Z. Minbay
O. Eyigor

References (52)
  1. Altarejos JY, Montminy M. CREB and the CRTC co-activators: sensors for hormonal and metabolic signals. Nat Rev Mol Cell Biol. 2011; 12(3): 141–151.
  2. Alvarsson A, Stanley SA. Remote control of glucose-sensing neurons to analyze glucose metabolism. Am J Physiol Endocrinol Metab. 2018; 315(3): E327–E339.
  3. Atsuchi K, Asakawa A, Ushikai M, et al. Centrally administered nesfatin-1 inhibits feeding behaviour and gastroduodenal motility in mice. Neuroreport. 2010; 21(15): 1008–1011.
  4. Balazs R. Trophic effect of glutamate. Curr Top Med Chem. 2006; 6(10): 961–968.
  5. Blanco AM, Velasco C, Bertucci JI, et al. Nesfatin-1 regulates feeding, glucosensing and lipid metabolism in rainbow trout. Front Endocrinol (Lausanne). 2018; 9: 484.
  6. Brailoiu GC, Dun SL, Brailoiu E, et al. Nesfatin-1: distribution and interaction with a G protein-coupled receptor in the rat brain. Endocrinology. 2007; 148(10): 5088–5094.
  7. Brann DW. Glutamate: a major excitatory transmitter in neuroendocrine regulation. Neuroendocrinology. 1995; 61(3): 213–225.
  8. Brann D, Mahesh V. Excitatory amino acids: function and significance in reproduction and neuroendocrine regulation. Front Neuroendocrinol. 1994; 15(1): 3–49.
  9. Collingridge GL, Olsen RW, Peters J, et al. A nomenclature for ligand-gated ion channels. Neuropharmacology. 2009; 56(1): 2–5.
  10. Cull-Candy S, Brickley S, Farrant M. NMDA receptor subunits: diversity, development and disease. Curr Opin Neurobiol. 2001; 11(3): 327–335.
  11. Dong J, Guan HZ, Jiang ZY, et al. Nesfatin-1 influences the excitability of glucosensing neurons in the dorsal vagal complex and inhibits food intake. PLoS One. 2014; 9(6): e98967.
  12. Eyigor O, Centers A, Jennes L. Distribution of ionotropic glutamate receptor subunit mRNAs in the rat hypothalamus. J Comp Neurol. 2001; 434(1): 101–124.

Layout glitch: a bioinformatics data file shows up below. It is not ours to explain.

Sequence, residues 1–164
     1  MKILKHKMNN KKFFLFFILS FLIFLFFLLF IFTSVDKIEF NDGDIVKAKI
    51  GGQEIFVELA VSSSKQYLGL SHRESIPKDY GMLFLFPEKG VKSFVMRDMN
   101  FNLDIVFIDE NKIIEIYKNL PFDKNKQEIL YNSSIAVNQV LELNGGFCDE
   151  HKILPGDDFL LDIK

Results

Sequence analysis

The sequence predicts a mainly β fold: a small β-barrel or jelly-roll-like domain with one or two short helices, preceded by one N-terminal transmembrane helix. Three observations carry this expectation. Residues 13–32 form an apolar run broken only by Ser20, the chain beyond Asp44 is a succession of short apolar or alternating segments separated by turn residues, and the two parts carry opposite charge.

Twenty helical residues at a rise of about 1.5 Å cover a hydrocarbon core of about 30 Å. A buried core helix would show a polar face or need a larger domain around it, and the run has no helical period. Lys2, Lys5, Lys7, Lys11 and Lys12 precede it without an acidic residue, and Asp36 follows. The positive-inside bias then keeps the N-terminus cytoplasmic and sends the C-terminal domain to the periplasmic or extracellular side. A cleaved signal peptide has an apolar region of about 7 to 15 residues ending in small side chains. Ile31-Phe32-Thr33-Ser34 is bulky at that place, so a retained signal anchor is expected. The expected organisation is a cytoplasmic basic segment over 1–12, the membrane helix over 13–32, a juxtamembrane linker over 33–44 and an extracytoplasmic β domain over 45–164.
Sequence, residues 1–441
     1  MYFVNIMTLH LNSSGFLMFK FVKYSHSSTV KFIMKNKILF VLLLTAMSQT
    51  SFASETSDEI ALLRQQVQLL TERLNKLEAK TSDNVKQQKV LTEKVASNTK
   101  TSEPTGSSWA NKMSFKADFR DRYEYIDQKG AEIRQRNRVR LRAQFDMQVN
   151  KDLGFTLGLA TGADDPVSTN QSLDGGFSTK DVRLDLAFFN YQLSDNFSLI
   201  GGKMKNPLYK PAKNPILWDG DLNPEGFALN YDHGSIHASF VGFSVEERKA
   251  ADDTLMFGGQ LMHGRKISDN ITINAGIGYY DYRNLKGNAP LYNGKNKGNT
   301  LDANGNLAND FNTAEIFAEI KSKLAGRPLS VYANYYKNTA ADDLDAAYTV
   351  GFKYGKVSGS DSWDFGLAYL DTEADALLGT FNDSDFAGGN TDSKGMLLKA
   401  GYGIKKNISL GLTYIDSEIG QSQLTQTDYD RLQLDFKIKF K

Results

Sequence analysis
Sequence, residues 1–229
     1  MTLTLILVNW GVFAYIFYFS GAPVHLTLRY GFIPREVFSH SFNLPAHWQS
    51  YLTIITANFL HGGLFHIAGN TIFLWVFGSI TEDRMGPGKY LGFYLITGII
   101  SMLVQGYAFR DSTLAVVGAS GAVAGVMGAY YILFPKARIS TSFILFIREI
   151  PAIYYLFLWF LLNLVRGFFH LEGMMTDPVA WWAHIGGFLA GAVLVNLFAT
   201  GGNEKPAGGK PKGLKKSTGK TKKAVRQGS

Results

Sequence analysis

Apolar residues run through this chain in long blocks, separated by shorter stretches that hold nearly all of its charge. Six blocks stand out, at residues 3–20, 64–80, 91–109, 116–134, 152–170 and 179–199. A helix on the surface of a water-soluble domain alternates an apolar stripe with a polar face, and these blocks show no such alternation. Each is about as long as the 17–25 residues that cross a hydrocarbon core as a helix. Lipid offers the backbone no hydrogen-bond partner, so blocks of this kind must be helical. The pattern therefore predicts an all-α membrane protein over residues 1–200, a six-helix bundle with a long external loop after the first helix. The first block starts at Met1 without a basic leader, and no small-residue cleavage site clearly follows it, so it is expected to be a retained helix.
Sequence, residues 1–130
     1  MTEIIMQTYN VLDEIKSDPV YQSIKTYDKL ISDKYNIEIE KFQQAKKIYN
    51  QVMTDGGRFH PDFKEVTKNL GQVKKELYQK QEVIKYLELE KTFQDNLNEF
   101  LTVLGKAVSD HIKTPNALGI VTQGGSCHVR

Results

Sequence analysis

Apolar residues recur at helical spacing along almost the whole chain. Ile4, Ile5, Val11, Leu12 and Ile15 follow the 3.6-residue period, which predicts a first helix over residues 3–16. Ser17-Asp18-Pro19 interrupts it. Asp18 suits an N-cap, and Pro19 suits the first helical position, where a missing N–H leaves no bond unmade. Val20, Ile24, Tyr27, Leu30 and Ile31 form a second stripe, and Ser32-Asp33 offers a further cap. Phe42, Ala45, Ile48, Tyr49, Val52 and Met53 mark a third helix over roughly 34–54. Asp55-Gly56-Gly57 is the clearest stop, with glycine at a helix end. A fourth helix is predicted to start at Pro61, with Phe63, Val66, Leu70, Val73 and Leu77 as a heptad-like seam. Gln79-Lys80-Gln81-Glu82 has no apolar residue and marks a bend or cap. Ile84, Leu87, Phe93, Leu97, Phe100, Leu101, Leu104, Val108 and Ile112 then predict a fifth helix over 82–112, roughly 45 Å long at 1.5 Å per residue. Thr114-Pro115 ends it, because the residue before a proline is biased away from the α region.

13. Eyigor O, Minbay Z, Cavusoglu I. Activation of orexin neurons through non-NMDA glutamate receptors evidenced by c-Fos immunohistochemistry. Endocrine. 2010; 37(1): 167–172.
  14. Eyigor O, Minbay Z, Cavusoglu I, et al. Localization of kainate receptor subunit GluR5-immunoreactive cells in the rat hypothalamus. Brain Res Mol Brain Res. 2005; 136(1-2): 38–44.
  15. Fan XT, Tian Z, Li SZ, et al. Ghrelin Receptor Is Required for the Effect of Nesfatin-1 on Glucose Metabolism. Front Endocrinol (Lausanne). 2018; 9: 633.
  16. Goebel M, Stengel A, Wang L, et al. Central nesfatin-1 reduces the nocturnal food intake in mice by reducing meal size and increasing inter-meal intervals. Peptides. 2011; 32(1): 36–43.
  17. Gok-Yurtseven D, Kafa IM, Minbay Z, et al. Glutamatergic activation of A1 and A2 noradrenergic neurons in the rat brain stem. Croat Med J. 2019; 60(4): 352–360.
  18. Gok Yurtseven D, Serter Kocoglu S, Minbay Z, et al. Immunohistochemical evidence for glutamatergic regulation of nesfatin-1 neurons in the rat hypothalamus. Brain Sci. 2020; 10(9).
  19. Gonzalez R, Kerbel B, Chun A, et al. Molecular, cellular and physiological evidences for the anorexigenic actions of nesfatin-1 in goldfish. PLoS One. 2010; 5(12): e15201.
  20. Hoffman GE, Lyo D. Anatomical markers of activity in neuroendocrine systems: are we all 'fos-ed out'? J Neuroendocrinol. 2002; 14(4): 259–268.
  21. Huo L, Gamber K, Greeley S, et al. Leptin-dependent control of glucose balance and locomotor activity by POMC neurons. Cell Metab. 2009; 9(6): 537–547.
  22. Kew JNC, Kemp JA. Ionotropic and metabotropic glutamate receptor structure and pharmacology. Psychopharmacology (Berl). 2005; 179(1): 4–29.
  23. Kohno D, Nakata M, Maejima Y, et al. Nesfatin-1 neurons in paraventricular and supraoptic nuclei of the rat hypothalamus coexpress oxytocin and vasopressin and are activated by refeeding. Endocrinology. 2008; 149(3): 1295–1301.
  24. Köles L, Wirkner K, Illes P. Modulation of ionotropic glutamate receptor channels. Neurochem Res. 2001; 26(8-9): 925–932.
  25. Könczöl K, Pintér O, Ferenczi S, et al. Nesfatin-1 exerts long-term effect on food intake and body temperature. Int J Obes (Lond). 2012; 36(12): 1514–1521.
  26. Lents CA, Barb CR, Hausman GJ, et al. Effects of nesfatin-1 on food intake and LH secretion in prepubertal gilts and genomic association of the porcine NUCB2 gene with growth traits. Domest Anim Endocrinol. 2013; 45(2): 89–97.
  27. Lerma J, Paternain AV, Rodríguez-Moreno A, et al. Molecular physiology of kainate receptors. Physiol Rev. 2001; 81(3): 971–998.
  28. Li Z, Gao L, Tang H, et al. Peripheral effects of nesfatin-1 on glucose homeostasis. PLoS One. 2013; 8(8): e71513.